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China audiences lapping up Mandarin Cats
The adaptation of the musical Cats into Mandarin is getting rave reviews in Beijing and helping to win over a new broadway audience, as Huey Fern Tay reports.

According to folk wisdom, cats have nine lives. And the musical of the same name certainly has staying power.

Now it's won yet another lease of life, winning rave reviews in China after being translated into Mandarin.

China correspondent, Huey Fern Tay, reports from Beijing.
HUEY FERN TAY, REPORTER: It's been 30 years since China experienced a winter this cold. But wave after wave of locals in Beijing have braved sub-zero temperatures to catch the local adaptation of one of the world's longest running musicals.

The capital is the production's third stop after Shanghai and Guangzhou. It's another sell-out show, and that means another 1,500 tickets sold.

(Footage of the cast of 'Cats' singing in Mandarin plays)

HUEY FERN TAY: 'Cats' is the second Broadway-style musical that China has imported and translated into Mandarin.

This production cost $6 million to make. The one before was the 70s themed hit 'Mamma Mia', which was only marginally cheaper. It's all been backed by the commercial arm of the Chinese Ministry of Culture.

But the decision to invest in a brand name musical isn't just about turning a profit, especially in the short-term. The Chinese director of 'Cats' for one sees this as a move to nurture an audience in a side of the arts that is still new in Chinese society.

LIU CHUN, DIRECTOR (translation): We've nurtured a group of actors over 20 years, but there hasn't been enough work for them which means the audience have not had enough opportunity to watch a local musical. We need to establish a following either through local or foreign musicals. And I consider it a success if we manage to get people to walk into a theatre.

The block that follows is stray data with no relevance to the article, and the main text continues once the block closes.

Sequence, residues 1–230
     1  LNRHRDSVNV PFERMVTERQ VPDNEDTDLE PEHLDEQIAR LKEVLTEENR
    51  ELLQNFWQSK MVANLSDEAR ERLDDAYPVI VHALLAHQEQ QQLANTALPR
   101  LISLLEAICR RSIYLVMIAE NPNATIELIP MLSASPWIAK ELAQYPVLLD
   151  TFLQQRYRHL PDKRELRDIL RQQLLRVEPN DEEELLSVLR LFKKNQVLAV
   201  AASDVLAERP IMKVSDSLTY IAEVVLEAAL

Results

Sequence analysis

(Footage of cast member of 'Cat's applying makeup)

HUEY FERN TAY: That is also why an immense amount of effort has been poured into making sure the essence of the show was not lost in translation.

The script was repeatedly revised after the first draft was completed, and that took three months.

DING ZHENYING (subtitled): It was nearly impossible for me to sing about the character 'Macavity' when I was given the first translation of the song. There was a sentence in English that went something like: (speaking in English)"Macavity's not there". It conveyed a very mysterious feeling but when translated into Chinese initially "Macavity (speaks Mandarin)" this feeling was lost, the meaning broken.

(Footage of Ding Zhenying and cast stretching)

HUEY FERN TAY: People who have a resume like Ding Zhenying are hard to come by.

She was part of the ensemble and the understudy for the character Sophie in the Chinese version of 'Mamma Mia' which is still running in China since opening in mid-2011.

Despite Ding Zhenying's previous role in a major musical, she found it challenging assuming the role of the main character of 'Cats', Demeter. This is because like the 33 other actors she has had little experience combining singing, dancing and acting.

In China, stage actors are trained to specialise in just one skill and there isn't much work available locally, even though one of the earliest introductions of musicals in Chinese drama academies began two decades ago.

UNIDENTIFIED MALE: The British director Joanne was not surprised that it was difficult to find Chinese who were good in acting singing and dancing. We searched for actors from Chinese speaking communities from all over the world. We chose 34 people from around the 1,000 or so who auditioned.

(Footage of 'Cats plays)

HUEY FERN TAY: After the last curtain call in Beijing, the cast and crew will move on to other inland and coastal Chinese cities where they will stage more than 200 performances.

In the meantime, the same Chinese producers are working behind the scenes to bring in a suite of other famous musical productions.

It's a costly exercise that will give the current crop of actors opportunities to remain in the local scene. But these productions are probably a long way from generating a loyal following who will support home grown efforts as well.

What they will succeed in is luring more people into theatres across China. And that's a start.
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